French Court to Hear Libel Case by Uzbek President's Daughter
Lola Karimova-Tillyayeva is pursuing her libel lawsuit against the French website rue89.com.
A French court is expected to rule this week on whether to take up the case, said to hinge on whether it was libelous to call Karimova-Tillyayeva "the dictator's daughter."
The New York-based Committee to Protect Journalists has taken up defense of the French news site, and Jean-Paul Marthoz, a senior advisor of Committee to Protect Journalists, writes of Karimova-Tillyayeva:
Her case against one of the most irreverent Paris media outlets is slowly turning into a public relations fiasco for her and the oil-producing Central Asian republic, Uzbekistan, where her father, Islam Karimov, has reigned supreme for more than two decades.
The trial is scheduled this Thursday, May 19 in Paris. Augustin Scalbert, a rue89.com journalist, is charged with libel for an article he wrote a year ago, "AIDS: Uzbekistan Represses at Home but Parades in Cannes," on a gala fund-raising event involving Tilyayeva-Karimova. Scalbert is optimistic, says the Telegraph:
"It will be interesting to discuss in court whether Islam Karimov is dictator or not," he said. "If we're not condemned, it will set in French law that we can write that Uzbekistan is a dictatorship. If it goes the other way, we're going to make all possible appeals up until the European Court of Human Rights, and at every new moment the law suit will give again and again more coverage to the problems in Uzbekistan."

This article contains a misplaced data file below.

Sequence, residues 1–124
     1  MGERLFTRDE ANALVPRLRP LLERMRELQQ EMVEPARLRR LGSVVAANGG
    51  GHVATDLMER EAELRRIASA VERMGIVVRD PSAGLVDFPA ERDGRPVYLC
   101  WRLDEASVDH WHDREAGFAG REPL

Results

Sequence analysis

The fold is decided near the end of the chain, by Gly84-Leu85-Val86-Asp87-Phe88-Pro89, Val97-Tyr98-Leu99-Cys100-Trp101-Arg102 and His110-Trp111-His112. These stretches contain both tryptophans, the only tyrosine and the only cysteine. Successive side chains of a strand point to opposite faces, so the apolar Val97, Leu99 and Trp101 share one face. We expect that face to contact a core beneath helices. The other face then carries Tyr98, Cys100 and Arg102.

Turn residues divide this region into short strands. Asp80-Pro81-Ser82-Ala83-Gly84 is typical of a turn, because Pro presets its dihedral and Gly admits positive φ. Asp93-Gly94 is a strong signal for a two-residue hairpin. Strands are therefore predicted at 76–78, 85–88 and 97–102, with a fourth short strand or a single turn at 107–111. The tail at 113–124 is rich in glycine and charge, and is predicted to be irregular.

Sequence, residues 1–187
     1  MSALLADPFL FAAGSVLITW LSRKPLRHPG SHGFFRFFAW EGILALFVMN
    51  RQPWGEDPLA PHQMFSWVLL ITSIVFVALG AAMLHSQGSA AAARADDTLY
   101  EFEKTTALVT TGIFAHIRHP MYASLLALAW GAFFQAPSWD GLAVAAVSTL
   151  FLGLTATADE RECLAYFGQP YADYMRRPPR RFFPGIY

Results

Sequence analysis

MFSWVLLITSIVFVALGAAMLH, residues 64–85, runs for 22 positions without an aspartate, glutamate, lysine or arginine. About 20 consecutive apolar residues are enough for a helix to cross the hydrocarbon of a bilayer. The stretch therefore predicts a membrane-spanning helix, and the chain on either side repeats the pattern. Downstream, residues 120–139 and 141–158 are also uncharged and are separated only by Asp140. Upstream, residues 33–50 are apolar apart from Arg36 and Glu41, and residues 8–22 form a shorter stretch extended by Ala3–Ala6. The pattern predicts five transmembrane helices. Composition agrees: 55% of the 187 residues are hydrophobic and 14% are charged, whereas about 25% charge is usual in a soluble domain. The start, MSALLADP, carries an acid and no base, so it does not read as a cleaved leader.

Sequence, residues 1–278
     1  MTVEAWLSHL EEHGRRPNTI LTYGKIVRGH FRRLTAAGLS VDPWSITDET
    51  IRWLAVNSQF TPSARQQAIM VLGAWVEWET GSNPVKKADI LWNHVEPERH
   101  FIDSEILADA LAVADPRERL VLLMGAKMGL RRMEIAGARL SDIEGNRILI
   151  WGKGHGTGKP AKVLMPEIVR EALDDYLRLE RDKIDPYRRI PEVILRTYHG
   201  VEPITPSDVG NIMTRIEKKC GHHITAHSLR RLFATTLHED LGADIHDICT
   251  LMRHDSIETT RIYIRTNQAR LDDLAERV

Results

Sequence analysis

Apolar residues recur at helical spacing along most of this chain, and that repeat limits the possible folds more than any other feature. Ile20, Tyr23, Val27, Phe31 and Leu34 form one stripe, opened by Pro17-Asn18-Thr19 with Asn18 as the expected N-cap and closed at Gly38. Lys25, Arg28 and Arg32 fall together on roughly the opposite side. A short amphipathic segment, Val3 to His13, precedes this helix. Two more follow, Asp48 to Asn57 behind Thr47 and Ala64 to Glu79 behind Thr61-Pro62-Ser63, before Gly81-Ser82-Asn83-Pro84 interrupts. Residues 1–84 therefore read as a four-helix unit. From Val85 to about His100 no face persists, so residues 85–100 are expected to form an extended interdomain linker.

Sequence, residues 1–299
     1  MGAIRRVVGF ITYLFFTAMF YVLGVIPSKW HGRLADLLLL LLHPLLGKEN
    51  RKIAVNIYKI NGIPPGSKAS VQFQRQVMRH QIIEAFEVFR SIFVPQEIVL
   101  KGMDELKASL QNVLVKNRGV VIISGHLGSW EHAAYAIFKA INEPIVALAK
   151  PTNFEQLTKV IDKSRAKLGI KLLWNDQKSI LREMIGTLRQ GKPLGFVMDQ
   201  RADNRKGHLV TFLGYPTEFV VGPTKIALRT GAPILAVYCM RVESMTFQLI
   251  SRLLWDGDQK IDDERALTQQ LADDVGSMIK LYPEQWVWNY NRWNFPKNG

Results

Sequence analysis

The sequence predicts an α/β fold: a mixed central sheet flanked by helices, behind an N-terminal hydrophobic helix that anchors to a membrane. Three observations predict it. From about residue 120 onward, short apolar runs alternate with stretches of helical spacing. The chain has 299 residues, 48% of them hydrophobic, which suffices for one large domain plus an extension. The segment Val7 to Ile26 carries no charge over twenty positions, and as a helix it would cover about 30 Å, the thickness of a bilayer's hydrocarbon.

Scalbert's lawyer evidently plans to use the "truth defense" and show the court the ways in which the term "dictator" was apt.
Last week on the even of the May 13 anniversary of the Andijan massacre, Pierre Haski, rue89.com's editor, held a joint press conference with the International Federation for Human Rights (FIDH) featuring Uzbek activists Mutabar Tajibayeva and Nadejda Atayeva.
Analyst Joshua Foust has called Karimova-Tillyayeva's gambit "libel tourism" -- she is believed to have an easier time to launch this kind of lawsuit in France than in other countries. The president's daughter has been Uzbekistan's ambassador to UNESCO since in 2008, taking on projects like an i-phone app on Uzbekistan's cultural heritage.
UNESCO, based in Paris, often takes up defense of journalists harassed for their work, so it will be interesting to see how UNESCO itself responds to the case.
Marthoz notes that rue89.com, launched in 2007 by Haski, the former foreign editor of the Paris daily Libération, already has suffered a "cascade of lawsuits" for its reporting and is selling virtual bricks to raise money to pay for its lawsuits.